Megan Moroney Leads 2024 CRS New Faces of Country Music Show

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With radio programmers spread across the country, it’s not often that artists have a chance to interact with the programmers and personnel who have aided them in their respective journeys to earning their first country radio hits — at the same time, all in one room. But each year, they do get that chance when radio programmers — along with plenty of label personnel — gather in Nashville for the Country Radio Seminar.

On Friday (March 1), following three days of radio and streaming-focused panels and label luncheons, the conference concluded by highlighting five highly-promising new artists.

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This year’s class featured Records Nashville’s George Birge, Riser House’s Dillon Carmichael, Sony Music Nashville/RCA’s Corey Kent, Sony Music Nashville/Columbia’s Megan Moroney and Valory Music’s Conner Smith.

The night’s performances were tightly focused, with artists largely running through their familiar breakthrough hits, while also offering glimpses into what lies ahead musically.

First up was Kent. In an introductory video that played on the main screens prior to his performance, Kent began by thanking country radio for “helping us to deliver the biggest axe blow we’ve ever had,” in making his single “Wild as Her” a top 5 Country Airplay hit. “There will be many more to come,” he promised. Taking the New Faces stage, Kent introduced his set with the brooding “Gold.”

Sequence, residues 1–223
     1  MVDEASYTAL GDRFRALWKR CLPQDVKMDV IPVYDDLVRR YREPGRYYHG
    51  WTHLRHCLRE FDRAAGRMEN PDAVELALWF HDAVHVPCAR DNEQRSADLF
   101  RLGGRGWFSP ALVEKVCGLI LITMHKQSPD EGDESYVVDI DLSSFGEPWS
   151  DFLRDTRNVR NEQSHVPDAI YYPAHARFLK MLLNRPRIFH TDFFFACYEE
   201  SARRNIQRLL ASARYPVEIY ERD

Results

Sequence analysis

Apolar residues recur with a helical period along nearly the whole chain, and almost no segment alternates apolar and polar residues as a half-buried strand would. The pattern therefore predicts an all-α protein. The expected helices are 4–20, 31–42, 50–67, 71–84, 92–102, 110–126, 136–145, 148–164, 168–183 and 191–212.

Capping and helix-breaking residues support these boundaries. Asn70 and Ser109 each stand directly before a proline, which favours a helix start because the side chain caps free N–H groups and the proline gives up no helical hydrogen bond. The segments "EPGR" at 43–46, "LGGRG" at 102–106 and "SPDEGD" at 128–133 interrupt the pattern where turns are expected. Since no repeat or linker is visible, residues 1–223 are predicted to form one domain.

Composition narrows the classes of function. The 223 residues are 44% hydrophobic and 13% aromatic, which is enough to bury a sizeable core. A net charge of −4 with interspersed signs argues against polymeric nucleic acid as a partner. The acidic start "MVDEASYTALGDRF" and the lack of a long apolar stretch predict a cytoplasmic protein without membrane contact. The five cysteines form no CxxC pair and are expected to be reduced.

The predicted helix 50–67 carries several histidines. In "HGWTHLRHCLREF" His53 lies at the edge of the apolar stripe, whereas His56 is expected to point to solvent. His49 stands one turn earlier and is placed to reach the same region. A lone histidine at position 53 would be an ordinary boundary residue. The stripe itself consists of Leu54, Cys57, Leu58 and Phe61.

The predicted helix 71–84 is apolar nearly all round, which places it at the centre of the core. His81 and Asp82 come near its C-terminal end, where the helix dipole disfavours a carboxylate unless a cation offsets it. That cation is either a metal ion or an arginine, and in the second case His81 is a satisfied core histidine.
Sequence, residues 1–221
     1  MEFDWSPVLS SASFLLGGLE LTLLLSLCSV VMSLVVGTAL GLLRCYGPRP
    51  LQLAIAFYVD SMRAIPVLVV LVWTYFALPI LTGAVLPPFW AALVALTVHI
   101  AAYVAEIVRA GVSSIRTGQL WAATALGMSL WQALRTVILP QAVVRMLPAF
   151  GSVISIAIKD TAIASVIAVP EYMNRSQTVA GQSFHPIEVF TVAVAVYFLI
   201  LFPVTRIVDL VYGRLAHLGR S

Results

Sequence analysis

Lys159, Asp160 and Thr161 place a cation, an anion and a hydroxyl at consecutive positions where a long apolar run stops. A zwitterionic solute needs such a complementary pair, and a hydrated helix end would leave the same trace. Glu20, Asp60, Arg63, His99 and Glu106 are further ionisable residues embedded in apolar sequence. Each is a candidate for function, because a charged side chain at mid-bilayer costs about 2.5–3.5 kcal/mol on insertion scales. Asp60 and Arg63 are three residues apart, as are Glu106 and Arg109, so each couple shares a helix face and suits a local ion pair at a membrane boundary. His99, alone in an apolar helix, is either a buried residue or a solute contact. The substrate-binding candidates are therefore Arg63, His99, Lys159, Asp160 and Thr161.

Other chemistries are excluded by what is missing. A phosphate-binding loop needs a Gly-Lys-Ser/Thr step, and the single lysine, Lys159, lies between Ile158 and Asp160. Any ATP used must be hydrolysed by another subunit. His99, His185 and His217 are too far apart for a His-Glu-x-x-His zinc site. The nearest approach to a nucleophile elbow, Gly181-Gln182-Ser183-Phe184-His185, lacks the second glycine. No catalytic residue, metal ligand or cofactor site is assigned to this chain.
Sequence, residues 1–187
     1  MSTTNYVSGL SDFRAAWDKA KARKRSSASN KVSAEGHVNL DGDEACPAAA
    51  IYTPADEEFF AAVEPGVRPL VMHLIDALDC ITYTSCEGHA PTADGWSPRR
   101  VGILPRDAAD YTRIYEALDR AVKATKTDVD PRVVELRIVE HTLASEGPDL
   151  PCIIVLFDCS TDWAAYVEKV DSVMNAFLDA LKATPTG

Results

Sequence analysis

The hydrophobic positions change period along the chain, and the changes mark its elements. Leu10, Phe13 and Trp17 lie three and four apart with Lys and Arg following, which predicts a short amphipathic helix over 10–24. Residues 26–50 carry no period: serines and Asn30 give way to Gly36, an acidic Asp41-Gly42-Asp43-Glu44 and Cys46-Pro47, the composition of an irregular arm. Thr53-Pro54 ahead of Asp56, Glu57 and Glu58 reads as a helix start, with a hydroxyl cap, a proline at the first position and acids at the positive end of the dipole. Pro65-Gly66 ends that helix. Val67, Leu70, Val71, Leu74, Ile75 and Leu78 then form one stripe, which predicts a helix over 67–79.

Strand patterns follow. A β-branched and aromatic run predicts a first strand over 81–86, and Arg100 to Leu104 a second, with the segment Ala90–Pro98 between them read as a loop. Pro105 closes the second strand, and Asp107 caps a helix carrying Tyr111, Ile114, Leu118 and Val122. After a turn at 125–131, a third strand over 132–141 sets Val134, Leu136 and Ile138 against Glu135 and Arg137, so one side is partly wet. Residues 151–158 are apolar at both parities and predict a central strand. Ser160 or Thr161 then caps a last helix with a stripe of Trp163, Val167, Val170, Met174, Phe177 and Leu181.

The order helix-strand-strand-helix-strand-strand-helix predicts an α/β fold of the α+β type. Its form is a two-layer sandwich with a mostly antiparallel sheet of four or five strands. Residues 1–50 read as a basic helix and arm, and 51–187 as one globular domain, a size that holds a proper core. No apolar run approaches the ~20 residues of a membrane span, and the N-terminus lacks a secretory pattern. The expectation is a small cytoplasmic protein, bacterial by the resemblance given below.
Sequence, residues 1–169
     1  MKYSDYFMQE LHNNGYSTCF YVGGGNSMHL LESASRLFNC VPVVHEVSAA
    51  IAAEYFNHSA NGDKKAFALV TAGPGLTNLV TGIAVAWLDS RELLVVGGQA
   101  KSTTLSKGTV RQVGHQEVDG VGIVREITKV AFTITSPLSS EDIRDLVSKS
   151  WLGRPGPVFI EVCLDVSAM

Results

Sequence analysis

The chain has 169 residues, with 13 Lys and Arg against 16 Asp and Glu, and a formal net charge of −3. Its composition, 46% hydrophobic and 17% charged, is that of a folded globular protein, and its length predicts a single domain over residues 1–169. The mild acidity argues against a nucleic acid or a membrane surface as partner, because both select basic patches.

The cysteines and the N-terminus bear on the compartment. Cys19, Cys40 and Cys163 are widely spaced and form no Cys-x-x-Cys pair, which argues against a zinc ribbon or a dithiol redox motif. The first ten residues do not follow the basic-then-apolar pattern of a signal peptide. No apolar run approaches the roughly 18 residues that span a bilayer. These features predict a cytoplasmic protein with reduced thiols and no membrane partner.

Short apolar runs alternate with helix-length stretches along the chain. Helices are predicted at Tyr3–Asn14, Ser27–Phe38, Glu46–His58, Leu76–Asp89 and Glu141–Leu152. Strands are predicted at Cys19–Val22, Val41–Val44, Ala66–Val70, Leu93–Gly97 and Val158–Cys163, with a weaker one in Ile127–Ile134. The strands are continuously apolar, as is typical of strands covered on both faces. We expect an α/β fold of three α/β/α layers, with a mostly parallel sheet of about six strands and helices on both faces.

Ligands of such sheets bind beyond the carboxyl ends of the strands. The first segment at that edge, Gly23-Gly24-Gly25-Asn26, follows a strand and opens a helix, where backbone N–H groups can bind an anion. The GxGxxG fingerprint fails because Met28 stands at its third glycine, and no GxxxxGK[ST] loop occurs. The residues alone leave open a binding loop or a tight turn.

“If you know anything about me, you know this. I believe tomorrow isn’t guaranteed and what you do today matters. What we do tonight is take a few risks … you either getting busy living or you’re getting busy dying.”

He then offered his most recent radio single, “Something’s Gonna Kill Me,” a churning, freewheeling song which made great use of his rock-woven, rugged voice. From there, he offered his breakthrough hit “Wild as Her.” He largely stayed close to center stage throughout his set. Not that he needed to roam the stage — his voice, full-bodied and shot through with rock influences, permeated the room.

“Thank y’all so much, country radio!” he told the packed ballroom of radio executives, before offering a preview of a new song, titled “This Heart,” which Kent noted will soon impact country radio.

Next up was Birge, who reached No. 2 on the Country Airplay heart earlier this year with “Mind on You.” Microphone in hand, he stalked the stage as he offered the hard-rock influenced “Hard on the Bottle.” He later gave the audience an early look at new song “Damn Right I Do,” and concluded with “Cowboy Songs.”

“I’ve dreamed about this day for a long, long time and damn it did not disappoint,” he said. “I couldn’t come here and not play the song that you changed my life with,” he added before taking up a guitar to perform “Mind on You.”

“Thank you for believing in me,” he told the audience. “I don’t take for granted for one second that I get to be up here on this stage and it’s because of you guys.”

Before Nashville native Smith took the stage, screens on both sides of the stage showed home videos of Smith as a young child, around five or six years old, performing covers of hits from Kenny Chesney and Montgomery Gentry, followed by footage of Smith earning a standing ovation during his Grand Ole Opry debut in 2022.

Smith, clad in a white shirt and black leather jacket, began his high-octane set with “Smoky Mountains,” the title track from his January-released full-length album.

He noted that he’s attended the New Faces of Country Music Show a few times. “I would always watch and just pray that I would get a chance to be on this stage,” he said, thanking the crowd. “It means so much more than you know.” He then rolled into another song from the album, “Heatin’ Up.”